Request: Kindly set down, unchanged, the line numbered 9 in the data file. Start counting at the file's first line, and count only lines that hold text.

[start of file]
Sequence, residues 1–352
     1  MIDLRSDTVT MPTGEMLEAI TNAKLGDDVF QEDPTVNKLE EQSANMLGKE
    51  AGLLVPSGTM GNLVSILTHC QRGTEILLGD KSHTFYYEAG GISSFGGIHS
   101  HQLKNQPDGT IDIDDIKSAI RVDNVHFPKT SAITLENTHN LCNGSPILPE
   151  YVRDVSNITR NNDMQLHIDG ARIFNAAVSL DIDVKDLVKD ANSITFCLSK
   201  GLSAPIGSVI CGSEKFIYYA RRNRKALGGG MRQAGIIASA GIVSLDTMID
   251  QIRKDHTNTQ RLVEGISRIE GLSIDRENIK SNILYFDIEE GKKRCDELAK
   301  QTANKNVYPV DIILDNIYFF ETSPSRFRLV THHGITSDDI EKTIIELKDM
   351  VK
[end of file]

   351  VK